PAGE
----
The Weekly Round-up: Rwanda hearing, planning law reforms, mercy killing reforms for prosecution decisions
9 October 2023
In the news
The government’s Rwanda deportation scheme begins its battle in the Supreme Court today. Arguing the case for the appellants are In June, the Court of Appeal ruled the policy unlawful because of ‘deficiencies’ in Rwanda’s asylum-processing system. That court found that sending asylum-seekers to Rwanda entailed a ‘real risk’ of applicants being returned to their home countries, meaning the UK would break its commitment to not putting people at risk of torture under the European Convention on Human Rights.
Angus McCullough KC of 1 Crown Office Row is representing the United Nations High Commissioner for Refugees in this appeal. On the respondent (government) side, both of 1 Crown Office Row, are Neil Sheldon KC and Natasha Barnes (instructed by the Government Legal Department).
If the Supreme Court overturns this judgment, the Home Office will be able to schedule flights to Rwanda with just 12 days’ notice, unless the European Court intervenes again. The Illegal Migration Act, however, gives the Home Secretary a new power to ignore an interim order from the European Court.
At the Labour party conference, shadow ministers have announced that a Labour government would bring in significant reforms to the planning system. Keir Starmer has pledged to build 1.5m homes in the first five years of his government, introducing reforms such as increased powers of local authorities to hold property firms to account. Rachel Reeves has promised to speed up the planning process for infrastructure building.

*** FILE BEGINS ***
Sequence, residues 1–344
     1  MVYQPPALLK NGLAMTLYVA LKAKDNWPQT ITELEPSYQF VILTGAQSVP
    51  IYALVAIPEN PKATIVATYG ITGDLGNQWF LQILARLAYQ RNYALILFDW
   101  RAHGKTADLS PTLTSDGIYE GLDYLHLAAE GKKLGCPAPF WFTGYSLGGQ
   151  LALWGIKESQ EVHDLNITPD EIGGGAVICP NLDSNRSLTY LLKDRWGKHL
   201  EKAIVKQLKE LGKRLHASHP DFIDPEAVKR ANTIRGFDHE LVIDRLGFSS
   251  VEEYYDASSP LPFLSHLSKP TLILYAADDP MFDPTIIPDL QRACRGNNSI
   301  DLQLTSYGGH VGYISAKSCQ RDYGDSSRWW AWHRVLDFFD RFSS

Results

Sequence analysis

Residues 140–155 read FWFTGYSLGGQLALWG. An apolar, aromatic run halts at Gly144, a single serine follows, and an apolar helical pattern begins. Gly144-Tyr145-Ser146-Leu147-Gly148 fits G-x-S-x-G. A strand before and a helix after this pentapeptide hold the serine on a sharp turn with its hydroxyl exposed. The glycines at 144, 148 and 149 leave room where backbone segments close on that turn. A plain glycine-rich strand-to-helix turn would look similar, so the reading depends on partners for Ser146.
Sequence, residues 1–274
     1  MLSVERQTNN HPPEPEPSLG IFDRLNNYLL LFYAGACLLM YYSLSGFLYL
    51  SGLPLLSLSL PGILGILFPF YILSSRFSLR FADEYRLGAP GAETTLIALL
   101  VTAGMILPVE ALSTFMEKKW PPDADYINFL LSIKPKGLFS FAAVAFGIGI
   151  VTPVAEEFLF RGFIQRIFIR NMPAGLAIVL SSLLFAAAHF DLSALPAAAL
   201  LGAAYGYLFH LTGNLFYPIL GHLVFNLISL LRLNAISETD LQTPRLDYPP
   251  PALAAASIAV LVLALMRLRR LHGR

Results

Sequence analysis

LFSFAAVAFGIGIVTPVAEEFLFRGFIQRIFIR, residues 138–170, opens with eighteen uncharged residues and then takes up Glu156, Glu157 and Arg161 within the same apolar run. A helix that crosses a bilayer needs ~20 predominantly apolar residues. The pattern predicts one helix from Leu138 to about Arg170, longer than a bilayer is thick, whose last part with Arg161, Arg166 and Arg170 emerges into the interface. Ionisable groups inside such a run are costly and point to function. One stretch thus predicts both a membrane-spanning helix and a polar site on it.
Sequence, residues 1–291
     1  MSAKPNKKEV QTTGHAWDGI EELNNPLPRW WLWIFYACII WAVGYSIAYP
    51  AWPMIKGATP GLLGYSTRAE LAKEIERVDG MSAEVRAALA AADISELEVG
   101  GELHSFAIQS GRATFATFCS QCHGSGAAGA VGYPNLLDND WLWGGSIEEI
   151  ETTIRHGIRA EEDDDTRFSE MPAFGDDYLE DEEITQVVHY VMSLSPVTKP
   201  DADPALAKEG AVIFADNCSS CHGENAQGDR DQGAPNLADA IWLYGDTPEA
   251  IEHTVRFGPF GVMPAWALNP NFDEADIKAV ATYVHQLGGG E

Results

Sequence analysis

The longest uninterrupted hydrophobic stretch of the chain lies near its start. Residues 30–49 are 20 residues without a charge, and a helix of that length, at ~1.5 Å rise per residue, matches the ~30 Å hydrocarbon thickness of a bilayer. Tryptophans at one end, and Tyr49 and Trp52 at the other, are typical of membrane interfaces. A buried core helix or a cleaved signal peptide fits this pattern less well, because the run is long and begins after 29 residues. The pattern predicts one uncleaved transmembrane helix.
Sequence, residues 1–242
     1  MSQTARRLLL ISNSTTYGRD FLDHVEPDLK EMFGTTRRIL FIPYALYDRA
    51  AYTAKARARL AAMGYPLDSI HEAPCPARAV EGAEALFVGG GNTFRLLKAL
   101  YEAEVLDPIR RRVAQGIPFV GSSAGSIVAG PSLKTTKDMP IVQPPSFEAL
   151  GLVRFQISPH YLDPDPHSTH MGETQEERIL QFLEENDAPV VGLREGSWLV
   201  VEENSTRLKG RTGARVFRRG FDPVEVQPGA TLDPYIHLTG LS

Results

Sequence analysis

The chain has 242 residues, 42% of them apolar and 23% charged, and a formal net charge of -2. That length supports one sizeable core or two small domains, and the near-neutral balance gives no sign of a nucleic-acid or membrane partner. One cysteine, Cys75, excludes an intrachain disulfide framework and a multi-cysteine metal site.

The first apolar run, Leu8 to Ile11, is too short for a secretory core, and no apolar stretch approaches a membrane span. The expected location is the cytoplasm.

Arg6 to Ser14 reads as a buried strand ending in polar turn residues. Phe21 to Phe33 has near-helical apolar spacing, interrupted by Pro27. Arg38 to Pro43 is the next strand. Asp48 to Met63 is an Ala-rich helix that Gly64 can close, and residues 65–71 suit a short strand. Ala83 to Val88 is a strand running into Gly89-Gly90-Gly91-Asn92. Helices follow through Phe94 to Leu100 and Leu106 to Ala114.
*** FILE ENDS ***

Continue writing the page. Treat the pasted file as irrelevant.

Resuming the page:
The CPS has provided prosecutors with new guidance for ‘mercy killings.’ The term has not been defined by statute or common law and is not currently a defence to murder, but the guidance sets out the factors to consider when determining whether bringing a charge would be in public interest. These include whether the victim was under 18 years old, whether the suspect was motivated wholly by compassion, and whether the victim had clearly communicated their wish to die. The update is unlikely to radically alter the prosecution’s approach to such cases, but it articulates more clearly the reasons for and against bringing a charge where the public interest is in question.
In other news
A London court has refused to let go to trial a £126m harassment lawsuit brought against the former king of Spain by his ex-partner. Corinna zu Sayn-Wittgenstein-Sayn has accused Juan Carlos of subjecting her to intimidation and intrusive surveillance since the breakdown of their relationship. Judge Rowena Collins Rice said that the case was outside the court’s jurisdiction, the claimant having failed to establish that the harassment occurred in England. Other claims made against the former monarch by his former partner had previously been struck out on the grounds that they pertained to the time Juan Carlos ruled as king and was thus protected by sovereign immunity.
Seven men accused of assassinating an Ecuadorian presidential candidate have themselves been killed in prison. Fernando Villavicencio, a prominent journalist running on an anti-corruption platform, was shot dead on 9th August at a campaign rally in Quito. The seven suspects were murdered within a day of each other in two different prisons, with the second-round runoff for the presidential election just days away. More suspects of the assassination have been moved to another location for their safety. The news came before the conclusion of the national prosecutor’s investigation into Villavicencio’s murder.
In the courts
In El-Asmar v. Denmark (application no. 27753/19), the European Court of Human Rights held that there had been two violations of Article 3 (prohibition of inhuman and degrading treatment), regarding the excessive use of force against the applicant and the failure to investigate the case effectively. The applicant had been pepper-sprayed by prison guards in April 2017. Among other things, the Court found that the Danish authority had not investigated whether the procedural standards for use of the pepper spray had been complied with, falling short of its legal obligation to investigate Mr El-Asmar’s claims fully.